>> Except that unlike Airgas' charter, the US Constitution specifically lays out the length in years of terms for both Congressmen and Senators. It doesn't use mushy talk like "Congressmen will serve until they are replaced" or "Congressman's term will expire in the second year following the year of their election" ...
Friday, September 24, 2010
Just the other day one of my students dropped by my office and made an embarrassing admission. Seems he will be joining the corporate department of a big law firm after graduation and ... well ... he said that when the associates were talking "shop" over lunch during the summer that it all sounded like Japanese to him. He is afraid that being an English major in college is just about to catch with him.
Well, don't worry, cause there's an app for that -- Latham & Watkins "Book of Jargon." Download it now so you never have to guess what a "Macaroni Defense" is or what "KFC" stands for. I'll admit I wracked my brain for minutes and then gave up. I had never heard of the KFC acronym before. I looked it up in the Book of Jargon and apparently it means "Kentucky Fried Chicken." Is that a new deal structure?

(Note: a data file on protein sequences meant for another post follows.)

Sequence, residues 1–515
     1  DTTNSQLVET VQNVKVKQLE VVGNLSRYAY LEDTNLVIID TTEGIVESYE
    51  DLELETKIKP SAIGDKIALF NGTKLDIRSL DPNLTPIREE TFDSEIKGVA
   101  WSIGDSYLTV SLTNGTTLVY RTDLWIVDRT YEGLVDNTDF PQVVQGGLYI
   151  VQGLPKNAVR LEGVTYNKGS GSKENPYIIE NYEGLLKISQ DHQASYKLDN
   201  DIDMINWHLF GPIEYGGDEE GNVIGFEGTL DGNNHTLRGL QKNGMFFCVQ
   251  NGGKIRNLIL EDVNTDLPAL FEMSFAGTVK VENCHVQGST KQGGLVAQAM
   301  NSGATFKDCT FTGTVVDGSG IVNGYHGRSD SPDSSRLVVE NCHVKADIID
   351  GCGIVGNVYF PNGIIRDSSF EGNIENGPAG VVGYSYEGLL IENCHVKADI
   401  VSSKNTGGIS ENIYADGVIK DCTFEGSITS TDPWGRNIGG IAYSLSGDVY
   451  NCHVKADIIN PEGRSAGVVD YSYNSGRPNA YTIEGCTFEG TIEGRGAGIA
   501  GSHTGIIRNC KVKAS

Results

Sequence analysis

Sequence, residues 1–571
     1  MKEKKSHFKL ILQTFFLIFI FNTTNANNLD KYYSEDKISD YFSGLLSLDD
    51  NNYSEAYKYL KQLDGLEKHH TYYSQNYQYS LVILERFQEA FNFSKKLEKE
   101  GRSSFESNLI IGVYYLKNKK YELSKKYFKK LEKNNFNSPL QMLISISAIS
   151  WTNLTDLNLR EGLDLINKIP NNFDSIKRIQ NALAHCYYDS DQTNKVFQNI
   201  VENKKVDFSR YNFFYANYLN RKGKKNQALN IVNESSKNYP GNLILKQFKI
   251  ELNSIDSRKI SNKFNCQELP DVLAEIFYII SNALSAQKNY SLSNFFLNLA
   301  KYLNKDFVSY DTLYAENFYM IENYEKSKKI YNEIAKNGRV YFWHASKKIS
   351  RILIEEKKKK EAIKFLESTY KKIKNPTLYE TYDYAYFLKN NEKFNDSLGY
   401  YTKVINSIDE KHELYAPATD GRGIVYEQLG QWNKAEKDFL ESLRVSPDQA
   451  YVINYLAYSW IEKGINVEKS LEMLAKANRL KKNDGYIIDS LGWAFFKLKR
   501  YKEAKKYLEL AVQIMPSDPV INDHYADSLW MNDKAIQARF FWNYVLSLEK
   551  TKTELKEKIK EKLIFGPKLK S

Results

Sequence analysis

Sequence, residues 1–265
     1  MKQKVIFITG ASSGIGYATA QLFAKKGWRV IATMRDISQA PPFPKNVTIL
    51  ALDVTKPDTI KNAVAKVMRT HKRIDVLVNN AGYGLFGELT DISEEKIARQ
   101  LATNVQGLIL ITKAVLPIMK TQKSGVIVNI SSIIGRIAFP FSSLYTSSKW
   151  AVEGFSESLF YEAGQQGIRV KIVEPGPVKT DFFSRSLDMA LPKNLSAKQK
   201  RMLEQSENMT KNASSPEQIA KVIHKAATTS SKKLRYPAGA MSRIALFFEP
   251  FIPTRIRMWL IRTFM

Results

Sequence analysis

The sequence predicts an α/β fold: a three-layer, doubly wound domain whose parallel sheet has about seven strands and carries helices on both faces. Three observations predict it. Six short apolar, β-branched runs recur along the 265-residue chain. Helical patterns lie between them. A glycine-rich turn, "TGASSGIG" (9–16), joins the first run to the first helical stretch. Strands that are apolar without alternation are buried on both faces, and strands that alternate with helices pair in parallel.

Saturday, April 17, 2010
Friday, January 8, 2010
Hot on the heels of Gerald Levin's claiming the mantle of the "worst deal of the century", the Telegraph (UK) helpfully puts together its own shortlist of "worst deals" of this century. Given that the century started in 2000, that's only about a decade's worth of bad deals to choose from. Here's their list (with an obvious European bias):
1. AOL - Time Warner
2. Vodaphone - Mannesmann
3. France Telecom - Orange
4. Vivendi - Seagram
5. RBS - ABN Amro
Friday, September 18, 2009
Friday, August 31, 2007
Today's Friday M&A culture is pure candy/beach reading and the story of one of the seminal ''80s takeovers, Three Plus One Equals Billions: The Bendix-Martin Marietta War by Allan Sloan. Pac-man anyone? Enjoy your labor day weekend; and rest up for what should be an active Fall.
Friday, August 24, 2007
Today's Friday culture is Bagehot's Lombard Street: A Description of the Money Market. Lombard Street is a collection of essays written by the famed Bagehot for the Economist during the 1850s. The book is a classic description of the market at that time and an enduring look at market psychology. Highly relevant for our times, Bagehot also analyzes and dissects market crises, offering monetary prescriptions that remain to this day the preferred route for stemming and avoiding financial crises. In particular, his prescriptions for the injection of mass liquidity to stem market panic is, in fact, one that the central banks of the World are following today. Enjoy your weekend!